Detroit Free Press October 9, 2008
A Michigan State University student sickened by E. coli-tainted lettuce in September is suing Aunt Mid’s Produce of Detroit, which the state identified as a restaurant and institutional supplier of the lettuce. The toxic strain of E.coli has sickened 36 people in Michigan to date, said Department of Community Health spokesperson James McCurtis.
Samantha Steffen of East Lansing began suffering from bloody diarrhea and was hospitalized with dehydration in mid-September. A stool sample confirmed the presence of E. coli O157:H7.
After being named in early October, Aunt Mid’s voluntarily stopped its distribution and hired an outside tester to inspect its product and processing facilities, which came up clean. The Michigan Department of Agriculture did their own testing and confirmed the findings, but, “we never had product available that was tested from the outbreak timeframe, primarily due to the perishable nature of the product we dealt with,” said Jennifer Holton, MDA spokesperson.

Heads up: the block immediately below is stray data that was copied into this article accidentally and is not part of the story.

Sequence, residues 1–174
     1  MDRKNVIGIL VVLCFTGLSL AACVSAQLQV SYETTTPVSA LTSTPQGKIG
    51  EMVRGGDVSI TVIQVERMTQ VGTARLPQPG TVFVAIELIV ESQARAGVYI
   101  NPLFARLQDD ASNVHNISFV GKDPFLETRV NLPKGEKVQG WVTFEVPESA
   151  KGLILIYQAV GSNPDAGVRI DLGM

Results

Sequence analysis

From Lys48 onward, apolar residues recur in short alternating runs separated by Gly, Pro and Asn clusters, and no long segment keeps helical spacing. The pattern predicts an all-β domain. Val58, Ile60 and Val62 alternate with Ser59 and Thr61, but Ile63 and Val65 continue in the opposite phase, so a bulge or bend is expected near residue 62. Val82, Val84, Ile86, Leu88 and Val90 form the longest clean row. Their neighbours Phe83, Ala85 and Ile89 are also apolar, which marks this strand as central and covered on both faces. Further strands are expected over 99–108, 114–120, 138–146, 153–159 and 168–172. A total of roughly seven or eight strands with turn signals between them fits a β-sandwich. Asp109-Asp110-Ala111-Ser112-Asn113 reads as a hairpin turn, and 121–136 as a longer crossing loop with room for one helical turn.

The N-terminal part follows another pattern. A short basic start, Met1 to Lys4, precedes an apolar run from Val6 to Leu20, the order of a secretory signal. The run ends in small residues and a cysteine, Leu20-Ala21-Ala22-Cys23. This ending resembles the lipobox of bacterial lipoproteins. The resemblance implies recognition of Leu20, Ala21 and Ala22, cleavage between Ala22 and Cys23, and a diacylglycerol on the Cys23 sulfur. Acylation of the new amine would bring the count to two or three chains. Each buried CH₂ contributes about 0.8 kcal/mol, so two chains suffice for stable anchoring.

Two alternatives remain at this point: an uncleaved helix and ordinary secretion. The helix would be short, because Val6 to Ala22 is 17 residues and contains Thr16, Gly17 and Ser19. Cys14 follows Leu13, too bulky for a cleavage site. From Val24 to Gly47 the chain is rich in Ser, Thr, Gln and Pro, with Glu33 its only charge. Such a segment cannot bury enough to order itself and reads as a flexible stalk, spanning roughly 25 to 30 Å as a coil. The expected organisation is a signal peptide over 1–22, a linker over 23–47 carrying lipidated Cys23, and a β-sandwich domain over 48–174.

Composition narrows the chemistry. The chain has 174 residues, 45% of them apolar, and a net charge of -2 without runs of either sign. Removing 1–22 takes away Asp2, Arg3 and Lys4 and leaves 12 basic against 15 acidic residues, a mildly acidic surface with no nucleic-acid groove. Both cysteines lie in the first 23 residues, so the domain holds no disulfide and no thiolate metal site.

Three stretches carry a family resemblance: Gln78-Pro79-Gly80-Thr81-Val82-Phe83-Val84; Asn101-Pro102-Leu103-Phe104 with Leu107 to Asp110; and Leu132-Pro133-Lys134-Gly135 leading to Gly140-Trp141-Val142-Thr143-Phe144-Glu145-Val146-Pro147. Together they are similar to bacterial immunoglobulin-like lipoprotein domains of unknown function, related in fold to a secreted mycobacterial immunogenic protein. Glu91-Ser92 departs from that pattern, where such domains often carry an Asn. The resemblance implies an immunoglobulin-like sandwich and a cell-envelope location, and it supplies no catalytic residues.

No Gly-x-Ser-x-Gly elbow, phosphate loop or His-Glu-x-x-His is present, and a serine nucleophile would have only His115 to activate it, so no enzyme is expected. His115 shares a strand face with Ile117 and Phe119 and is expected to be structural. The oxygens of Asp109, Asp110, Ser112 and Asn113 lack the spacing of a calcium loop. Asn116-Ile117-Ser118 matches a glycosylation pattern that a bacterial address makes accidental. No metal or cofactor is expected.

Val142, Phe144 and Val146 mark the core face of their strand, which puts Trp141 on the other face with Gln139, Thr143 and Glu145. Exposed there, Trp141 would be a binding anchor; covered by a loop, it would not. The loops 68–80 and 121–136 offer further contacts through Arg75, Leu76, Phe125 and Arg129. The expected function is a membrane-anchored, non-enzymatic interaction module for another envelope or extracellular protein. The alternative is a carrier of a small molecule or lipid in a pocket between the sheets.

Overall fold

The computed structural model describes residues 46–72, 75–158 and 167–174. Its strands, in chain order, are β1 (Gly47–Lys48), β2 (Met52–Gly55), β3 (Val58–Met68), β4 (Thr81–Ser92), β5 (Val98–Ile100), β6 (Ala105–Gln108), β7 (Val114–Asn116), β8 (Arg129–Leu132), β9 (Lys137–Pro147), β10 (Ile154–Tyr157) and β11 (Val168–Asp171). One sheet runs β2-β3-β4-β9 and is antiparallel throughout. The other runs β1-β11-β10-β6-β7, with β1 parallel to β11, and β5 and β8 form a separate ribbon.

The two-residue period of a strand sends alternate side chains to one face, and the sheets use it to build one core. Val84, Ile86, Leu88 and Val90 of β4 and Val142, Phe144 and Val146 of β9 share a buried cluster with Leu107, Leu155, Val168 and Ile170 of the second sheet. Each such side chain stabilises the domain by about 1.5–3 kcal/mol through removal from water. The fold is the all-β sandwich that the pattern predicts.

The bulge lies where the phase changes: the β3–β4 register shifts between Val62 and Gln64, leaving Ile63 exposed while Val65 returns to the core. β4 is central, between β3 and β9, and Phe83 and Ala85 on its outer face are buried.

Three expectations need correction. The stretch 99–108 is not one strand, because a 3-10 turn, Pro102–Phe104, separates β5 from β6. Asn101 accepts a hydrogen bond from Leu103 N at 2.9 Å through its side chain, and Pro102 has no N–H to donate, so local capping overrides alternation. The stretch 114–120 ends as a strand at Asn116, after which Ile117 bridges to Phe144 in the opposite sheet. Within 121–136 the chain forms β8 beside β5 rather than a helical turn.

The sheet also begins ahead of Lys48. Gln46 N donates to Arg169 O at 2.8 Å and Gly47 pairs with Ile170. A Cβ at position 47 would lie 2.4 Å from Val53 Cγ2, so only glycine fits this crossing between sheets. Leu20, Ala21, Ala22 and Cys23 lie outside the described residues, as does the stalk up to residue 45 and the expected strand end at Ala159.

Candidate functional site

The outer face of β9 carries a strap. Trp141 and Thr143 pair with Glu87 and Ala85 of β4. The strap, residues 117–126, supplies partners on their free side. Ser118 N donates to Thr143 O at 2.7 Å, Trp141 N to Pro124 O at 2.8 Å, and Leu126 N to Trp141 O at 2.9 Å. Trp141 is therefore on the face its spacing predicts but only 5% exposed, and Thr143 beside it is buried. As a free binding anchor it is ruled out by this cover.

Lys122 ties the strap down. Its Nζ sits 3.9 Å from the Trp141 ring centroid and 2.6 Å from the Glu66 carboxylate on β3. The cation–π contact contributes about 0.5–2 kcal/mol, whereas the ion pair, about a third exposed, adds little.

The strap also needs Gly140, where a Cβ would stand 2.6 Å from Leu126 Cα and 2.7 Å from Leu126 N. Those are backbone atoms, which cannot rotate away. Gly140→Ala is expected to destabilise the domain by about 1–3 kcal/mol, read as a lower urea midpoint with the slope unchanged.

Steffen’s lawyer, William Marler, has criticized Aunt Mid’s for not releasing the name of their supplier.
“At this point, based on testing … I don’t believe the lawsuit has any merit,” said Aunt Mid’s Chief Executive Officer Philip Riggio.
The Michigan outbreak began at MSU and the Lenawee County jail, before spreading through southeast and mid Michigan, with several cases in the metro Detroit area. Aunt Mid’s has also been tied to six illnesses from an Illinois restaurant. Other related E. coli cases have emerged in Oregon, New York and Ohio.
The state is still looking into other suppliers, said McCurtis